This article was originally published as a guest post on inbound.org.
I recently attended a webinar given by Noah Kagan, founder of SumoMe, and I learned 3 huge lessons that I was able to implement immediately and that I felt I simply had to share so that you can benefit from them too.
First off, special thanks to Noah for offering a free webinar! Unlike most webinars that are really big sales pitches for a particular product or service, this one was about 95% useful information and 5% soft selling, primarily at the end. Sure he mentioned the sumo tools, but you can use them all for free (which I do) without ever paying for the pro versions if you don’t need the extra features. So free information + free tools = pretty darn good deal!
Getting back on topic, the webinar consisted of Noah looking at websites and giving his recommendations of what could be improved to make each more effective in communicating its message and achieving its desired objective. There were lots of good tips, but these 3 really resonated with me so much so that I’ve chosen to call them lessons instead of just tips.
Lesson 1: Clearly communicate what you do or sell above the fold.
Sounds pretty simple, and it is. Unfortunately many people don’t do it. Instead they try to be witty, mysterious, coy or just plain confusing, resulting in the visitor having no idea what they actually do and probably bouncing.
Sometimes they’ll make you scroll down the page before revealing what they do or sell. The problem with that is that it assumes that people will be interested enough to scroll. While there are different opinions as to the importance of “the fold”, I think everyone would agree that if a visitor isn’t interested in what they initially see on their screen, they probably won’t spend more time on the site.
Here’s how I applied this lesson to our own website. The first screenshot is of our original homepage. The second one is post update.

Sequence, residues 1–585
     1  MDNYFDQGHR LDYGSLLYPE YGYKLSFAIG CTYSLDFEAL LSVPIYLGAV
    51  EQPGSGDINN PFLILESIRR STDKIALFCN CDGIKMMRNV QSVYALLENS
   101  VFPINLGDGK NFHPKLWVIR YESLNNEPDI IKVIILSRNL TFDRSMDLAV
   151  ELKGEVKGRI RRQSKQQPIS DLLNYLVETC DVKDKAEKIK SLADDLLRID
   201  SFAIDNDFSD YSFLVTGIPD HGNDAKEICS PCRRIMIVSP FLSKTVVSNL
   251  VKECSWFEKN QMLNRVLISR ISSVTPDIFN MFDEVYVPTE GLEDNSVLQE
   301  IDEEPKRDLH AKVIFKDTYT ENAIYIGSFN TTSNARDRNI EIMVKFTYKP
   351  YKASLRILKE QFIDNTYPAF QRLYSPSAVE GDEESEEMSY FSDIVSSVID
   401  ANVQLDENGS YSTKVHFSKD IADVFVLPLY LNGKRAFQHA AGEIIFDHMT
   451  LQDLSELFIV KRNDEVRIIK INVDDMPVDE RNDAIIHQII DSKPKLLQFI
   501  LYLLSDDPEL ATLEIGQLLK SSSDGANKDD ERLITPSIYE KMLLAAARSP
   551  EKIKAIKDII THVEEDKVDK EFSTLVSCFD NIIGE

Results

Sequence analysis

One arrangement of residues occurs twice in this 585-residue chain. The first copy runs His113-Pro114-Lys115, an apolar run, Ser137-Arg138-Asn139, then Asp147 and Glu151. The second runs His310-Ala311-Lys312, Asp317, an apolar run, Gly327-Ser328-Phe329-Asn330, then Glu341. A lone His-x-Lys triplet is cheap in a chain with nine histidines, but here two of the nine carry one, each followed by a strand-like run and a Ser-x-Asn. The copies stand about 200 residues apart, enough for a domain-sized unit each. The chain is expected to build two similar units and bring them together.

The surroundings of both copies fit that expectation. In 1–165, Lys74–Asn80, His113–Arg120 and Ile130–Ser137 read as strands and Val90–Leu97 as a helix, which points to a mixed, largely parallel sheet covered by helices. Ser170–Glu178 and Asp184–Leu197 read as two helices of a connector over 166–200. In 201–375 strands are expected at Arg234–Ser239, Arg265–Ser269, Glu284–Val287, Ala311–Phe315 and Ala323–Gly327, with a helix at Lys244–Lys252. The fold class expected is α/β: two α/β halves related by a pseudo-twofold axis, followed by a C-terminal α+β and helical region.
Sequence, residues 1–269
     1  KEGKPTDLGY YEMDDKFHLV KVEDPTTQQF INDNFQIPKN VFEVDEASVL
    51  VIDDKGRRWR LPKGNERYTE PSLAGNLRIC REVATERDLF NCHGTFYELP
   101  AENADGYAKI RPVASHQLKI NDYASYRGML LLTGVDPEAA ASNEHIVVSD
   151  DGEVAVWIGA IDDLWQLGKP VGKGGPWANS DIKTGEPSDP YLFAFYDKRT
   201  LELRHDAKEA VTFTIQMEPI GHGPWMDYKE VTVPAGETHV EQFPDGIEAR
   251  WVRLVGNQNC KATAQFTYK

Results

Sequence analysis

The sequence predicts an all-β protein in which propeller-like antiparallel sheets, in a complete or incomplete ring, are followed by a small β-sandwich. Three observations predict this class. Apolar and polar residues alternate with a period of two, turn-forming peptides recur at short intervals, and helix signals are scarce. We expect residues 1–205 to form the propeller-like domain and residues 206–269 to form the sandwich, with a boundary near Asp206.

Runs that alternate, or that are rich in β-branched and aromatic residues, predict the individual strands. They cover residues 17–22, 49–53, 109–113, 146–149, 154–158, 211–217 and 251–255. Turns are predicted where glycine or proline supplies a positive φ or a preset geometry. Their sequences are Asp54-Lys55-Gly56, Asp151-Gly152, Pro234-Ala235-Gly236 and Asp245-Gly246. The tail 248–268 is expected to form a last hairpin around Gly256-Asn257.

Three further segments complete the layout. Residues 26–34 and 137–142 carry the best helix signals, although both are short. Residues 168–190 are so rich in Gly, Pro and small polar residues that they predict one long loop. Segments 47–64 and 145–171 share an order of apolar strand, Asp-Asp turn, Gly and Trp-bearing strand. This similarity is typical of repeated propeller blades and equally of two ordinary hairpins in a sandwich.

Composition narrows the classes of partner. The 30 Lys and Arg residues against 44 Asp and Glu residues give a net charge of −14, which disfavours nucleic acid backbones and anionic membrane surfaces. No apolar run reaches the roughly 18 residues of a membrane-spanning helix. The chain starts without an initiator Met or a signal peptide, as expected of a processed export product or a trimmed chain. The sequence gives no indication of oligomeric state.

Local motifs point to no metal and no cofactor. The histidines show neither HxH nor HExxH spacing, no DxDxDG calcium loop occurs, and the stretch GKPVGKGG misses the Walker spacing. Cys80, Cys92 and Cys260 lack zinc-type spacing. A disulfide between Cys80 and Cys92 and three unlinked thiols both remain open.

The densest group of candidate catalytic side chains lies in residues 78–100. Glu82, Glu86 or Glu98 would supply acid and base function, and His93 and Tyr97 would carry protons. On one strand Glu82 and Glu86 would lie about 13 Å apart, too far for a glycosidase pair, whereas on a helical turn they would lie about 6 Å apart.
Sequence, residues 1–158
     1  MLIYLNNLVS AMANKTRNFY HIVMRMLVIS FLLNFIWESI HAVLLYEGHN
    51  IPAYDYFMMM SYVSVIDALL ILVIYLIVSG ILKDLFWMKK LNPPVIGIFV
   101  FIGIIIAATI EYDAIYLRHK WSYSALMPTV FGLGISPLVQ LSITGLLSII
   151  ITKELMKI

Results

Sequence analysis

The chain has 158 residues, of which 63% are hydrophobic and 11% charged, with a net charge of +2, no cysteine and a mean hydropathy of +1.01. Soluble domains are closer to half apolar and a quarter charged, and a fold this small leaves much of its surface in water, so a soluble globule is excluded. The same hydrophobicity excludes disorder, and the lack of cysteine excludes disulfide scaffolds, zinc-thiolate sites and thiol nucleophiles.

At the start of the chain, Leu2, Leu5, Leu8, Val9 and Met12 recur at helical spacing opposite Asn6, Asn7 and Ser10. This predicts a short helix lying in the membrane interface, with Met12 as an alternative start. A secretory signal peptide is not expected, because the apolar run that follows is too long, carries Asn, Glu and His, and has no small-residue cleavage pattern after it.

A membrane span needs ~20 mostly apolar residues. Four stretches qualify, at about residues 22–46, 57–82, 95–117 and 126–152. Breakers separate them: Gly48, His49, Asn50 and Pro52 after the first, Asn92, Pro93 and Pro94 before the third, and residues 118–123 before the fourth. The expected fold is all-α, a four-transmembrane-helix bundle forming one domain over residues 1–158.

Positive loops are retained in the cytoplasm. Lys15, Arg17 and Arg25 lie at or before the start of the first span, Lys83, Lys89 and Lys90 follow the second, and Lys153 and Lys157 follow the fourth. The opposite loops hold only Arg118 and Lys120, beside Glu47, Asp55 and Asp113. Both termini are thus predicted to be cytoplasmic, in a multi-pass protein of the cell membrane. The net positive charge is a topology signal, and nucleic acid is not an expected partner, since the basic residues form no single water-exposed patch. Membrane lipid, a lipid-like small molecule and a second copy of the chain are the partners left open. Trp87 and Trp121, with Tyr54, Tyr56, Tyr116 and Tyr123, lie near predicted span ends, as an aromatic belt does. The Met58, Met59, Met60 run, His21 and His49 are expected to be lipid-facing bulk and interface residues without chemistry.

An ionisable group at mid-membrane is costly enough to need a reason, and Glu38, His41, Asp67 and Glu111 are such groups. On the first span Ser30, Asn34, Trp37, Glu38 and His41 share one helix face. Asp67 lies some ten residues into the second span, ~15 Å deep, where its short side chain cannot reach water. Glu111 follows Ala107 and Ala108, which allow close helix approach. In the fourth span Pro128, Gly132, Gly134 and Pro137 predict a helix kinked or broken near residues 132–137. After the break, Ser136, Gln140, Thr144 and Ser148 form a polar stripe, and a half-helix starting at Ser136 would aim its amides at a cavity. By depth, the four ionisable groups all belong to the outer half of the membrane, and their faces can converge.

Onrush Digital is a digital marketing agency. Our core areas of expertise are content marketing, seo, social media and marketing automation (and we also build websites). So that’s pretty much what we do, and we did state that (pretty much) on the original page. But even though we list all the things we do, is that really what our target customer is looking for?
Our target persona is either a CEO/Owner or a CMO/Marketing Director of a business doing at least $1m in revenue that does not have an inhouse marketing department or staff. When that owner or CMO goes online to get marketing help, is he or she looking for content marketing or social media, or any other specific skill; or are they looking for help in getting specific results, like driving traffic, increasing their exposure and generating leads?
I think they’re looking for results. When they scroll down they’ll find out what disciplines we use to get them those results (i.e. content marketing, seo, etc.). They might not even know what exactly content marketing is. But they do know they want more exposure, more traffic and more leads. That’s what they’re buying.
On the second homepage version we give them exactly what they’re searching for in their face. Results. That should get them interested enough to watch the video and scroll down to learn more.
Lesson 2: Focus on 1 action you want your visitors to take.
If you could pick one action that you’d want your visitor to take, what would it be?
You might want them to purchase a product or give you their contact info. Or you might want them to read a blog post or watch a video. Whatever it is you choose, make it so crystal clear to your visitor that he practically is drawn to that action.